Let's make government boring again


Not quite 30 years ago, I stood in a well-worn conference room at an obscure Naval base, raised my right hand, and swore to defend the Constitution.

With some variations — the civil and military oaths differ slightly — I have repeated those words at least a dozen times during my life. And it never ceases to humble me. 

Guest Writer

Eric Schuck holds a Ph.D. in economics and professorship in agricultural economics at Linfield University. In addition to twice serving Fulbright Fellowships abroad, he's been called to active military duty overseas on two occasions. In his work, he deals regularly with government agencies and personnel. He makes his home in McMinnville with his wife and two children. And while he is American through and through, he likes to explore and honor his Scandinavian heritage.

Back then, I was just a college student interning in a contracting office.

The job itself wasn’t terribly glamorous. Mostly, I rode a bicycle around base making sure contractors were on task and on target.

Yet even as a 20-year old, I felt part of something bigger. In my own small way, I was helping ensure taxpayers got their money’s worth.

That meant a lot to me, and I worked very hard at it. I could do nothing less.

Working for the government gets a bad rap, I know. But in a very real sense, the Department of the Navy is my ‘family’ business.

My great-grandfather went to work in the Bremerton Navy Yard shortly before the First World War, and my Dad retired from there as I graduated from college. Across the nine intervening decades, my family produced countless "Yard Birds."

So on that first day, standing in that conference room — in a building my great-uncles actually built — I very much felt my family’s history on my shoulders. I knew I was the latest in a proud line, and with that came expectations. 

Chief among those was "professionalism," shorthand for the idea that we were not simply above politics, but beyond them. No matter who occupied the White House or led the Congress, we would keep the fleet at sea.

End. Of. Story. 

That commitment’s a big deal. 

At the heart of the civil service is a balance. Elected officials set policy while civil servants enact it. One side has authority, the other responsibility.

All jokes about government employees aside — and trust me, I’ve heard them all and repeated a few myself — most civil servants pride themselves on their jobs and tackle their work with a very real sense of mission. Indeed, my 20-plus year career as an economist, partnering with a slew of agencies, ranging from the Bureau of Reclamation to the Bureau of Indian Affairs, leaves me in awe of just how good most civil servants are.

I've found the economists employed by the Forest Service and Department of Agriculture particularly impressive — better than those at a lot of universities, in fact.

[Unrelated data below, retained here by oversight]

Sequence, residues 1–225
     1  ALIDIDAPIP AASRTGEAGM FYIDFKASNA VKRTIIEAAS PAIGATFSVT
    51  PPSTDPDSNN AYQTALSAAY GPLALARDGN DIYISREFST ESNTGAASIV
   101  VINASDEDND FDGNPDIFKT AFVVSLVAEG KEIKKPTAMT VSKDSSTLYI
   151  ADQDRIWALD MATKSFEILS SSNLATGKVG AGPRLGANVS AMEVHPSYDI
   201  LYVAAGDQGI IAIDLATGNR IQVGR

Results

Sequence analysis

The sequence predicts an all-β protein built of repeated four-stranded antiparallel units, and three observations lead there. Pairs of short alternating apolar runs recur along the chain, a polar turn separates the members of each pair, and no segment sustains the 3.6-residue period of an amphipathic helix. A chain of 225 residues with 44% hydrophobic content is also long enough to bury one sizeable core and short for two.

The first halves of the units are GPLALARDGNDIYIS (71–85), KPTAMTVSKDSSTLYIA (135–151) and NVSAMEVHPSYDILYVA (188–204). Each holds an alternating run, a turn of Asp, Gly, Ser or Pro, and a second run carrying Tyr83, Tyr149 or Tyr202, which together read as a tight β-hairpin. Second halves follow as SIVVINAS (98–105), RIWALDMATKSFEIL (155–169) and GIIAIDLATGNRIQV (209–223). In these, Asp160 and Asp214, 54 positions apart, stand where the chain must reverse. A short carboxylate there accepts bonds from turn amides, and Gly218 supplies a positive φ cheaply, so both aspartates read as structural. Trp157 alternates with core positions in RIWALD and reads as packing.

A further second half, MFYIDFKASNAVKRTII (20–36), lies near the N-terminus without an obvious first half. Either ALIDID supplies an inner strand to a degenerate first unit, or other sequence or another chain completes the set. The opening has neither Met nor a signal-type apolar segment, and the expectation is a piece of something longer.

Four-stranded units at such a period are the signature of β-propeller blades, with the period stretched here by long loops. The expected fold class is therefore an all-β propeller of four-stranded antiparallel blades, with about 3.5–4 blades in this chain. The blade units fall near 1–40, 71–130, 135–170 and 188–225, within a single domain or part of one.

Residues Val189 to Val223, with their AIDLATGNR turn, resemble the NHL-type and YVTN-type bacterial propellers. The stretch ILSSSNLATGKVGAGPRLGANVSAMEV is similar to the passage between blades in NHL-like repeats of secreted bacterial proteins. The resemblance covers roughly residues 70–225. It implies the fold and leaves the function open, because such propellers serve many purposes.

The existence of an apolitical career bureaucracy is both a symbol and signal of a mature democracy. It reflects the value the elected politicians who lead the nation assign to the expertise and service of the bureaucrats who execute the nations’ business.

Ironically, this has become such a feature of American life that we are conditioned to governmental competence. We EXPECT government not only to work, but to work well.   

That’s bent and broken lately, particularly over the last year. We have seen too many cases where the government agencies we expected to do our work manifestly failed at their jobs.

From the Centers for Disease Control botching the roll-out of COVID 19 tests to the Occupational Health and Safety Administration watering down protections for workers in meatpacking plants, our bureaucracy has not done what we needed it to do. As a result, people, real people, have suffered.    

Closer examination of these failures, though, reveals one thing in common: It wasn’t the frontline workers who blew it. In nearly all cases, it was intervention by political appointees in the daily operations of the agencies in question — intervention that undermined the technical expertise of the agencies involved.

That’s not the way the system is designed to work. It blurred the lines between authority and responsibility, thus striking at the very professionalism of the civil service. The old "Yard Bird" in me watched in horror.        

So as we look forward across the next four years, my personal hopes are fairly modest.

We need to restore the balance between politicians and the public agencies that do America’s work. We need to return to our century-old tradition of valuing and respecting the professionalism of our civil service as we ask them to perform its various missions. In short, we need to make government boring again. 



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